Medical Billing Fraud: Upcoding & Unbundling

Upcoding and unbundling are methods of healthcare billing fraud involving the improper application of codes for medical diagnoses and procedures.

Healthcare providers and facilities that offer services to Medicare, Medicaid, and Tricare patients receive reimbursements from the government. When these healthcare providers and facilities improperly code the medical services they’ve provided in order to receive higher reimbursements, they commit coding fraud.

Improper medical billing is just one method of defrauding government healthcare programs. Coding fraud, along with pharmaceutical fraud, illegal physician kickbacks, and pharmacy fraud, cost the federal government and taxpayers billions of dollars a year and raise the cost of healthcare services.

Healthcare Whistleblowers Rewards & Protection

Under the False Claims Act, both the federal government and private citizens can prosecute and stop healthcare fraud. When a private citizen, or whistleblower, with information about healthcare fraud brings a successful qui tam lawsuit that results in a government recovery, they share in up to 30% of the money returned to federal healthcare programs.

The False Claims Act also protects healthcare whistleblowers from harassment, discrimination, or retaliation by their employers, including termination.

Report Coding Fraud to a Trusted Whistleblower Lawyer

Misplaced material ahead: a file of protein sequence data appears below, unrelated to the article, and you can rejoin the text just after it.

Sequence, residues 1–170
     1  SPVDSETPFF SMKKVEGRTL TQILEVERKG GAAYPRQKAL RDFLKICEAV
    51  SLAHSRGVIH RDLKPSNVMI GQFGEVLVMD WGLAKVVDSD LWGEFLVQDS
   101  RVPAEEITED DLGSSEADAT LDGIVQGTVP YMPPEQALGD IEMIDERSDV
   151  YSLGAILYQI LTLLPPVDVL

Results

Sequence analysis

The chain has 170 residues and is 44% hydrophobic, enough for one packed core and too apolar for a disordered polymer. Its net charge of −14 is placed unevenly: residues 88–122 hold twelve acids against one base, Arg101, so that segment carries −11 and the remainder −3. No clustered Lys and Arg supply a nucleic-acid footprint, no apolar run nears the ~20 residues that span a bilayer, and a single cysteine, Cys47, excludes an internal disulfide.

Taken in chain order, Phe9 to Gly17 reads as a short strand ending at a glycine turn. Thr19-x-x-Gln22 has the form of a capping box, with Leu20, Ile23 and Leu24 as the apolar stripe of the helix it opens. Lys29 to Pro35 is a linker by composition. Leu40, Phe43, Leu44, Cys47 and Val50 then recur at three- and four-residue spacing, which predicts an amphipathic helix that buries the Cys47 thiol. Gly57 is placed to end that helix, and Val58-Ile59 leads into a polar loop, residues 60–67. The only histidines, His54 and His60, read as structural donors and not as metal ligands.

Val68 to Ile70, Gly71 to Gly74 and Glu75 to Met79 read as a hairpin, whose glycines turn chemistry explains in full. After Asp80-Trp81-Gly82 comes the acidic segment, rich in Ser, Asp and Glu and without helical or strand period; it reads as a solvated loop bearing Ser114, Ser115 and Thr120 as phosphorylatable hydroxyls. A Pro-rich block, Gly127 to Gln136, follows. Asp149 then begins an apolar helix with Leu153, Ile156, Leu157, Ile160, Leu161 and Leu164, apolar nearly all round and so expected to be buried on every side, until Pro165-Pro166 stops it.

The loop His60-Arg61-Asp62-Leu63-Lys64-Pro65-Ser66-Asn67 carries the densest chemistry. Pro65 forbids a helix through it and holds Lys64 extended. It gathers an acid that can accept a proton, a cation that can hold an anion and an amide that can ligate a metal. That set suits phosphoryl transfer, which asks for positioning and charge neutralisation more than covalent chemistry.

If you have information about a medical provider or institution committing healthcare billing fraud, know your rights and protections as a whistleblower. For a free and confidential consultation with an experienced whistleblower attorney, please contact us at (800) 254-9493 or by filling out the form to the right.

Our lawyers are committed to protecting whistleblowers’ rights and recovering money that was fraudulently taken from the government. Our law firm works with whistleblowers on a contingency basis, which means there is no payment unless funds are recovered and the whistleblower is paid a reward.


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What is Upcoding?

Upcoding is when a healthcare service provider uses the billing code for a more expensive procedure when, in reality, a less expensive procedure was performed.

Alternatively, upcoding also includes when a healthcare service provider indicates that a patient has a more serious diagnosis than they actually do, in order to increase the reimbursement rate that insurance will pay.

What are Examples of Upcoding in Healthcare

A example of upcoding in healthcare could be a Medicare patient visits a doctor for an annual routine checkup, a service typically reimbursed by Medicare at $50. The doctor, however, codes the visit as a more expansive checkup, which is reimbursed by Medicare at $100. By miscoding the patient’s visit, the physician has committed Medicare fraud because, among other things, the physician charged for services which were not provided.

Pharmaceutical companies and medical device manufacturers may also commit healthcare fraud by upcoding. For example, a pharmaceutical company’s medical device could be implanted through two procedures – one more invasive and more expensive than the other. When promoting its device, the pharmaceutical company advised providers to bill for the more expensive procedure, causing federal healthcare programs to pay more than needed.